United States v. Causby
High Court Affirms
On 27 May 1946, the Supreme Court ruled on the case. It agreed with Causby that the use of his farmland was a taking in effect, and that Causby was entitled to his just compensation under the Fifth Amendment. Justice Douglas wrote the opinion for the majority, with Justice Black, joined by Justice Burton, dissenting.
Declaring the air "a public highway," Douglas rejected Causby's claim that his airspace had been taken from him. "To recognize such private claims to the airspace would clog these highways," Douglas opined, "seriously interfere with their control and development in the public interest, and transfer into private ownership that to which only the public has a just claim." However, he did concede "that if the landowner is to have full enjoyment of the land, he must have exclusive control of the immediate reaches of the enveloping atmosphere." Thus the low altitude overflights constituted an invasion of Causby's space "in the same category as invasions of the surface."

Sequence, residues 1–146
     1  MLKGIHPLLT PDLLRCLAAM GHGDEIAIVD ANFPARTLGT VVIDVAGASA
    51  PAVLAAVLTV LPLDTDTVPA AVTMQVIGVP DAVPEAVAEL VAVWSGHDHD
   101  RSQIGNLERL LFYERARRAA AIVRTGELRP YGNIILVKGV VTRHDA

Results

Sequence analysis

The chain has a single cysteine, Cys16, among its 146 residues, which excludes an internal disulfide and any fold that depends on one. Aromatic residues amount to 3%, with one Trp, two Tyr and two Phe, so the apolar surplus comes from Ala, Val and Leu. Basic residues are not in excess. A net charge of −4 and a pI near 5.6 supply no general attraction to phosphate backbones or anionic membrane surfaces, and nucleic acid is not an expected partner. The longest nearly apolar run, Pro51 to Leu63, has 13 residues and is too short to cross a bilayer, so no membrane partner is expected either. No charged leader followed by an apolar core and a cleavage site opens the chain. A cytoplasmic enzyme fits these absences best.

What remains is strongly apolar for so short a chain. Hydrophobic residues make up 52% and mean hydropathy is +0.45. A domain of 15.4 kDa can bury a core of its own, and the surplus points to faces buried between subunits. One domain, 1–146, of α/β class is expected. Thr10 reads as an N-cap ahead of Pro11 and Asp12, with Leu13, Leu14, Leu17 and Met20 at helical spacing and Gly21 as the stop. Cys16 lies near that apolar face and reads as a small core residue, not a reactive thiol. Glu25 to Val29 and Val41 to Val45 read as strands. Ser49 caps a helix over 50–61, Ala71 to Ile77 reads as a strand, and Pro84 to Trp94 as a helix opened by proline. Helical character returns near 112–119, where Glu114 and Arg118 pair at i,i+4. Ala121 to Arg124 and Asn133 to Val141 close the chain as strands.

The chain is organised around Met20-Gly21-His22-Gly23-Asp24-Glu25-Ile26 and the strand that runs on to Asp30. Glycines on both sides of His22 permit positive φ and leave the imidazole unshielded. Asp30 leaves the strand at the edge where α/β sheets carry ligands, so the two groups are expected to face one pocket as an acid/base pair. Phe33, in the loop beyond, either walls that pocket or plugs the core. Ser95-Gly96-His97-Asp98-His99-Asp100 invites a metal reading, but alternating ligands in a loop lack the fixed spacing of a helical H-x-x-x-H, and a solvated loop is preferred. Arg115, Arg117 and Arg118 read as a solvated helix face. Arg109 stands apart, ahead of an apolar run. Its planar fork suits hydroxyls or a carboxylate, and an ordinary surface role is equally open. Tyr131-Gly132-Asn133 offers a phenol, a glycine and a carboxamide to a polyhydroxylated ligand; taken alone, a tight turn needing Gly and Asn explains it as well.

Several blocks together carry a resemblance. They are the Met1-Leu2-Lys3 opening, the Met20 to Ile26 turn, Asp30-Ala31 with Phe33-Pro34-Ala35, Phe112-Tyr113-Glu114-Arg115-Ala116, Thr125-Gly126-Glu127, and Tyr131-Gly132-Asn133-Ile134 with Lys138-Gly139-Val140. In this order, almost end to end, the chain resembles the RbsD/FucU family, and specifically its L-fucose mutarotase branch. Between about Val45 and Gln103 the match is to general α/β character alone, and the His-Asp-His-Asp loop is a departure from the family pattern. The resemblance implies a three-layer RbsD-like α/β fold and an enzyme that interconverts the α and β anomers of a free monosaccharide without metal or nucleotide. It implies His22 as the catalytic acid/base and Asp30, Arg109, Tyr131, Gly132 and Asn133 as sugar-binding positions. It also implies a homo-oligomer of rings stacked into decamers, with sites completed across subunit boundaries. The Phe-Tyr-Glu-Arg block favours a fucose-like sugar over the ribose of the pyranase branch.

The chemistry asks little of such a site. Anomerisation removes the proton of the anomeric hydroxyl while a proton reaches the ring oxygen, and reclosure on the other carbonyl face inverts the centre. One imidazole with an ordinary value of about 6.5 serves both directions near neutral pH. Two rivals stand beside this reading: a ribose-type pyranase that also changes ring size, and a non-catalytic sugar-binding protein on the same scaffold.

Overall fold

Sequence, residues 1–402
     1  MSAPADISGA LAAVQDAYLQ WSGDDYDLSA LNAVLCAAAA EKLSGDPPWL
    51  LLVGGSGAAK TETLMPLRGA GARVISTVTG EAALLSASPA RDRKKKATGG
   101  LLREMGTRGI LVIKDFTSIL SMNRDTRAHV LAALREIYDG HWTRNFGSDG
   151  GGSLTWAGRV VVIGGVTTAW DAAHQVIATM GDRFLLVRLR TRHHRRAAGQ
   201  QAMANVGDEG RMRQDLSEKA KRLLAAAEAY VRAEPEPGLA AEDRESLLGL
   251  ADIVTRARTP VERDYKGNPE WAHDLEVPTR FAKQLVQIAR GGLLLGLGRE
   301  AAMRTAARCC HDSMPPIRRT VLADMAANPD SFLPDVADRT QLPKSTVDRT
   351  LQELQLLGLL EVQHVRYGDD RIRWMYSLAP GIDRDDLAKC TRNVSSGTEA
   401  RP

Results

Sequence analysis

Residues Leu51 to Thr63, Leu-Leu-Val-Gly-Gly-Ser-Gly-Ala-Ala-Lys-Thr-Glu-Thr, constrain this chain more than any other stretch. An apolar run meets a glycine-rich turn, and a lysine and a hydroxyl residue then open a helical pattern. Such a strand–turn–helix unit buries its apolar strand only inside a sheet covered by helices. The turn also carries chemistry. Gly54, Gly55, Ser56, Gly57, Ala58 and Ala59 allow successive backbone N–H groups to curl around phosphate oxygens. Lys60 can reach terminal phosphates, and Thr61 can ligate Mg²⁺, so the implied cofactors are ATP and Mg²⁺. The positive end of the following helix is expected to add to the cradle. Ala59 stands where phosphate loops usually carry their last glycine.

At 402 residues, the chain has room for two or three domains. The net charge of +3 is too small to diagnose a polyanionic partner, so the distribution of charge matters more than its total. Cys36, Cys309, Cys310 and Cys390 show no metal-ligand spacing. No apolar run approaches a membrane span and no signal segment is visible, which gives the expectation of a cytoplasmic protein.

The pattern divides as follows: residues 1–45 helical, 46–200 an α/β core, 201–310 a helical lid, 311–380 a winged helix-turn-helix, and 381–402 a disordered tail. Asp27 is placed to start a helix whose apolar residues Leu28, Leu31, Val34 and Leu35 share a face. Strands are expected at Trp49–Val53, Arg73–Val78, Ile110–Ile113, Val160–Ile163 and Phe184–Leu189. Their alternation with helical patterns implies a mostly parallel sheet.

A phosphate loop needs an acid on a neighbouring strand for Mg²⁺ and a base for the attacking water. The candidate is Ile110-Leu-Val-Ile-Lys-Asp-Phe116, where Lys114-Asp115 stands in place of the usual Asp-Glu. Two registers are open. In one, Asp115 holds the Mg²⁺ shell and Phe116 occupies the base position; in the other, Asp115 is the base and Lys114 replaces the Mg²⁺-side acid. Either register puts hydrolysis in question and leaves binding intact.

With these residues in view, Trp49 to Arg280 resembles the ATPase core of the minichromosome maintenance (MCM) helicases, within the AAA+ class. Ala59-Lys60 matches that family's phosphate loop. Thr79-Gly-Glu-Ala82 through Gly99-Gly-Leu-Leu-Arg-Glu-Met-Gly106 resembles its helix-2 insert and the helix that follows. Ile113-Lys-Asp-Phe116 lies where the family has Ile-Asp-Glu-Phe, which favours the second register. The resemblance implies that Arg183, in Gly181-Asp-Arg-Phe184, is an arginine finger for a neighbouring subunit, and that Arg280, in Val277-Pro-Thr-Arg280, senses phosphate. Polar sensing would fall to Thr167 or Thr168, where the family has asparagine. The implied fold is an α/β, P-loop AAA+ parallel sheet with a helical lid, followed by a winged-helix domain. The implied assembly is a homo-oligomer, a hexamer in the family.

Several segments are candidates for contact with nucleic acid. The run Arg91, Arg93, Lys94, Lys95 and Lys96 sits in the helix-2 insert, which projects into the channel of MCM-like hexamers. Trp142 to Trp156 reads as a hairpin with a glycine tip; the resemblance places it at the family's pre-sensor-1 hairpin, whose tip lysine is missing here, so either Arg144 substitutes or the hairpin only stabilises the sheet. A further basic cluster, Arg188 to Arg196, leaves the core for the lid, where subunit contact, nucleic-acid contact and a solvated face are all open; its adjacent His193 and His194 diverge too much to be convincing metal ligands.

From there, it was no great leap for Douglas to conclude that the government had in effect appropriated Causby's property. He wrote:
Flights over private land are not a taking, unless they are so low and so frequent as to be a direct and immediate interference with the enjoyment and use of the land. We need not speculate on that phase of the present case. For the findings of the Court of Claims plainly establish that there was a diminution in value of the property and that the frequent, low-level flights were the direct and immediate cause.
- United States v. Causby - Black Dissents
- United States v. Causby - The Case At Hand
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Law Library - American Law and Legal InformationNotable Trials and Court Cases - 1941 to 1953United States v. Causby - Legal Background, The Case At Hand, High Court Affirms, Black Dissents, Airspace Rights